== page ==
Tuesday, February 7, 2023

Nokia gets preliminary opinions from European Patent Office according to which two more OPPO patents-in-suit are invalid as granted: outcome will likely hinge on amended claims

It's been more than 19 months since Nokia sued OPPO, and almost as long since OPPO filed its first countersuits. It's already an "epic" dispute. Most other patent spats in this industry are settled within about a year, as a result of which there are normally--at best--some infringement decisions, but nothing significant happens on the post-grant review front before it's already over.

OPPO has managed to get seven Nokia lawsuits stayed over validity doubts, most recently a Munich case. But Nokia is also working hard to poke some holes into OPPO's patent portfolio, and has received preliminary opinions supporting its invalidity theories in several cases.

Late last week, the European Patent Office (EPO) rendered preliminary opinions on two more OPPO patents-in-suit challenged by Nokia:

  • EP3624524 on "wireless communication methods, network device, and terminal device"; and

  • EP3557938 on a "method and device for random access."

As my Nokia-OPPO battlemap shows, EP'524 is being asserted in Mannheim (Second Civil Chamber; Presiding Judge: Dr. Holger Kircher) and EP'938 in Hamburg.

The preliminary opinions reflect that the Opposition Division deems either of those patents invalid in its granted form. But there is still time for auxiliary requests as the related opposition hearings have been scheduled for (different days in) September. Preliminary opinions are "newsworthy", but the longer I watch those EPO post-grant reviews, the more I focus on actual decisions such as this one in January.

No auxiliary requests have been filed for EP'938 so far, and on the ones for EP'524, the EPO did not take a position on the existence of an inventive step:

  • "Claim 1 of Auxiliary Request 1 differs from claim 1 of the patent in that the alternative feature 1.3B has been deleted. Feature 1.3A, which is still present in the claim[,] is not disclosed in D3. For this reason, the subject matter [...] is new [...]."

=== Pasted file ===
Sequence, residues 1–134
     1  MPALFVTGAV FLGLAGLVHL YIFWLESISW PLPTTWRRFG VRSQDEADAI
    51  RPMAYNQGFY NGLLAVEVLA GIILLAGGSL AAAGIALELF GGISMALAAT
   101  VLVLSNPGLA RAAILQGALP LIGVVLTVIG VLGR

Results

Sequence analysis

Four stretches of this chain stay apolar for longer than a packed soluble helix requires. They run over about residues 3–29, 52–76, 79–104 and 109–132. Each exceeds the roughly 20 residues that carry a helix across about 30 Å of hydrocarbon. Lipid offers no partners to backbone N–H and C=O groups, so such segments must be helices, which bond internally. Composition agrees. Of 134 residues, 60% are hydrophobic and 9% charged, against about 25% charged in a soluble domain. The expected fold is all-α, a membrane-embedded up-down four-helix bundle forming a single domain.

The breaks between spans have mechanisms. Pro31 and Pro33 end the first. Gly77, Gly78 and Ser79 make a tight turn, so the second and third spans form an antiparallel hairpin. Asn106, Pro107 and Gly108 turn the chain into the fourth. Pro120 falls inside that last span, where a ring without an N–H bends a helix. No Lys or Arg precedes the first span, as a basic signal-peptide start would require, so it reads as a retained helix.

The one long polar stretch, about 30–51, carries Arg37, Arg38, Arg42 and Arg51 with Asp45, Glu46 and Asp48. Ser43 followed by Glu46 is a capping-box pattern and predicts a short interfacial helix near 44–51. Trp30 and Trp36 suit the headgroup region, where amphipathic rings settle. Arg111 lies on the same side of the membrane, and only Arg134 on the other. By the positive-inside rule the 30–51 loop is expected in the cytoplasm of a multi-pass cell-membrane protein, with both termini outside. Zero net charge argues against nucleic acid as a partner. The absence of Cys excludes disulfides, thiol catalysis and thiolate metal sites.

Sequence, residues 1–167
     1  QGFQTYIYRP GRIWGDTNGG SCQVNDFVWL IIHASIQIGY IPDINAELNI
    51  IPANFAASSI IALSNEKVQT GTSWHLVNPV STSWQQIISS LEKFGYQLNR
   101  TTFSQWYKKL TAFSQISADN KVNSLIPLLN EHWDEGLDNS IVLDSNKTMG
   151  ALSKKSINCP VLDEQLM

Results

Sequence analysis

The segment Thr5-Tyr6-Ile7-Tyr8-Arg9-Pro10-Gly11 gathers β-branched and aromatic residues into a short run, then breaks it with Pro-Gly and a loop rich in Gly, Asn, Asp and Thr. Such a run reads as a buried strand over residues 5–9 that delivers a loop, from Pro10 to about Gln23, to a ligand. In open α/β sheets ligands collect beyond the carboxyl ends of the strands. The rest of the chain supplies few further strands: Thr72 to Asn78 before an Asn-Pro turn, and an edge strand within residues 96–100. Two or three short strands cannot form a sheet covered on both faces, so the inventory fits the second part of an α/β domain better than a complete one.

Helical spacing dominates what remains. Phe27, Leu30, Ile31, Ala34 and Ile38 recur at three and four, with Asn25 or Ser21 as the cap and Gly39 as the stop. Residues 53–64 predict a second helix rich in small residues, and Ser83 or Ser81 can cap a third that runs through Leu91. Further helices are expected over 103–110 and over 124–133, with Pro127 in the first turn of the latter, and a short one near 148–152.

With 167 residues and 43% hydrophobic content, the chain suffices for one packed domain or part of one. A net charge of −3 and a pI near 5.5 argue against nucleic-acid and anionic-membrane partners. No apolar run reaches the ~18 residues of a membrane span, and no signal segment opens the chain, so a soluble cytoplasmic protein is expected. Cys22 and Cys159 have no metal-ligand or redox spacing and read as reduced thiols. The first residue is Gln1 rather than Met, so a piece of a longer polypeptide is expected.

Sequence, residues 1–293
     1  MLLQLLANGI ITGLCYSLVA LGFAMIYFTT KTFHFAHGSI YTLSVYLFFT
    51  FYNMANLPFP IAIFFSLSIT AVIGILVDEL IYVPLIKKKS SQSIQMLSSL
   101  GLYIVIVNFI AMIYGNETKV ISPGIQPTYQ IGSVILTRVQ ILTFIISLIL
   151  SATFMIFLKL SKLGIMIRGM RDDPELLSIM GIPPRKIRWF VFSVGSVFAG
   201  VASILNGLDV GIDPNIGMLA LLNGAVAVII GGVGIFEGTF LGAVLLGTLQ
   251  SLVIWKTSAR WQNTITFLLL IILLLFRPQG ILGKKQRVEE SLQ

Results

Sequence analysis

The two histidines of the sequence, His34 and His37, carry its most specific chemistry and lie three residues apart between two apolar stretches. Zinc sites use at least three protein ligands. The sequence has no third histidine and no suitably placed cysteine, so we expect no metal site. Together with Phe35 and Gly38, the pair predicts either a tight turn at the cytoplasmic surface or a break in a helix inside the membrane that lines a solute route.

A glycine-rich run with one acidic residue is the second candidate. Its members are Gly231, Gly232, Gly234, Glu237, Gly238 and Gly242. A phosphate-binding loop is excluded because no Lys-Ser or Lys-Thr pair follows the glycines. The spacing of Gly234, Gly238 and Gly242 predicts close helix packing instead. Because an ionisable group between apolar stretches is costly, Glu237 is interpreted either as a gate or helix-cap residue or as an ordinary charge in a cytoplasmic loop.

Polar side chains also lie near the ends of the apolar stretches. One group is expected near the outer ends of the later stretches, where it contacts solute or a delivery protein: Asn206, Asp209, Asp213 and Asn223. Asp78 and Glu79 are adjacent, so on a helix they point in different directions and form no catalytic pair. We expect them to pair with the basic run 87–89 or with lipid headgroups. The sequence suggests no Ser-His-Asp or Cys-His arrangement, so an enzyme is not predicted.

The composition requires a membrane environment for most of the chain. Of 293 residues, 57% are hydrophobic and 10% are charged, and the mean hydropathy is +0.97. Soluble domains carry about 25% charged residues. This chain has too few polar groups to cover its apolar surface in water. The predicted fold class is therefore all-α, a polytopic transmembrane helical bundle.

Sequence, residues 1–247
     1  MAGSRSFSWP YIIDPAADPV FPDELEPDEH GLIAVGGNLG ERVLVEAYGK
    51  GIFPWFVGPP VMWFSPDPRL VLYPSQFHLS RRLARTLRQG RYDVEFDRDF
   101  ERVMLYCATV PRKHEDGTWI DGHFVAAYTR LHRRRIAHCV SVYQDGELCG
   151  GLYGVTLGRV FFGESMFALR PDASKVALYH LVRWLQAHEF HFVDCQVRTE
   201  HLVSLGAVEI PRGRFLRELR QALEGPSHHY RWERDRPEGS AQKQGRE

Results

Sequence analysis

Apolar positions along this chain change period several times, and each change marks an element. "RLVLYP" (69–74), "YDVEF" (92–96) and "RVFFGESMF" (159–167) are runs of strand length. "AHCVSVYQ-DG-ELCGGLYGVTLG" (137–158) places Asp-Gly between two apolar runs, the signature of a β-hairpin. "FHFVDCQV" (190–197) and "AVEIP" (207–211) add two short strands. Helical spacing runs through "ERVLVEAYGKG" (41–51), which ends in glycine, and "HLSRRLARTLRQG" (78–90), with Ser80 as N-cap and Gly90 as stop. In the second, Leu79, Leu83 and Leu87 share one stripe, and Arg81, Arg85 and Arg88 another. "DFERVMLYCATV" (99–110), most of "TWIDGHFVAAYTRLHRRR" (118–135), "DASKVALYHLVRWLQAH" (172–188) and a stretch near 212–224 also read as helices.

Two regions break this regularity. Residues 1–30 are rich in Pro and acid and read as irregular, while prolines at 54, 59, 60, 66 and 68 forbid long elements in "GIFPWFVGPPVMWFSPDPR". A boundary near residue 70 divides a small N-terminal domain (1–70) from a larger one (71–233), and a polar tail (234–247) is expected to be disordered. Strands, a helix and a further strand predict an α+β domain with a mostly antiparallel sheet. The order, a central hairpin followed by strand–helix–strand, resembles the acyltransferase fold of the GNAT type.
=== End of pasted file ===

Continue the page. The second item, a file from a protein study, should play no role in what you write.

The Opposition Division leaves it to the parties to argue for or against the presence of an inventive step, and "note[s] that feature 1.3A is disclosed as such in D1, D2 and D5 [...]."

    A disclosure "as such" is just the starting point of an inventiveness debate. The question is then whether there is a teaching, suggestion, or motivation to combine.

  • "Claim 1 of Auxiliary Request 2 differs from claim 1 of Auxiliary Request 1 in that the features of dependent claims 2 and 3 have been added. So, the 'first time domain unit' has been replaced with the more specific feature 'time slot' and the 'second time domain unit' has been replaced with the more specific feature 'symbol'. So, claim 1 of Auxiliary Request 2 is more restricted than claim 1 of Auxiliary Request 1. Since[] the latter claim is new [...], this also applies [to] claim 1 of Auxiliary Request 2. This applies mutatis mutandis to the other independent claims 5, 8 and 9."

    Here, again, the Opposition Division does not take a position on the inventive step, and "note[s] that 'slot/subframe' and 'symbols' as such are disclosed in D1, D2, D3 and D5 [...]."

  • Auxiliary Request 3 further narrows the scope by specifying that the first research is a search space. Novelty is not an issue, but "a 'search space' as such is disclosed in D1, D2, D3 and D5." This means there will again have to be a discussion of whether there is a teaching, suggestion, or motivation to combine certain prior art references.

The preliminary opinion on EP'524 stresses that Nokia cannot "freely develop as many inventive step attacks as [it] wishes in the hope that one of said attacks has the chance of succeeding." Instead, Nokia will have to present a single theory starting from what it considers to be the closest prior art, unless there are specific reasons for which several starting points are "equally valid."

The Mannheim Regional Court will hold the EP'524 infringement trial on May 23. That court--especially its Second Civil Chamber--is known to be difficult to persuade of invalidity contentions based on an alleged lack of an inventive step. In Mannheim you ideally want to rely on non-novelty as an obviousness theory will not persuade the court to stay the case unless there really is no reasonable argument that can be made for the presence of an inventive step.

Defendants routinely argue in Mannheim and other German courts that an amended claim should not enjoy a strong presumption of validity as it has not been examined. Here, however, OPPO can now point to a preliminary opinion by the EPO's Opposition Division (i.e., by a panel of three patent examiners) that acknowledges novelty and leaves open the question of the inventive step at this procedural juncture. Plus there still is time to file additional auxiliary requests.

There is an asymmetry here: OPPO has left the German market, and there are no signs of it coming back anytime soon. As a result, Nokia's German injunctions do not put OPPO under any particular pressure to settle, but Nokia presumably does want to retain its ability to ship mobile base stations to its German customers. Right now, Nokia has more at stake in Germany than OPPO. If several OPPO patents get invalidated, but one or two are upheld even if in an amended form (so long as they are still infringed), a situation can arise in which Nokia will deem it prudent to settle the global dispute.

Meanwhile, proceedings are ongoing in a Chinese court (Chongqing) to set a global FRAND rate for an OPPO license to Nokia's standard-essential patents.

Should this dispute not be settled in the coming months, then both parties may file complaints with the Unified Patent Court (UPC)...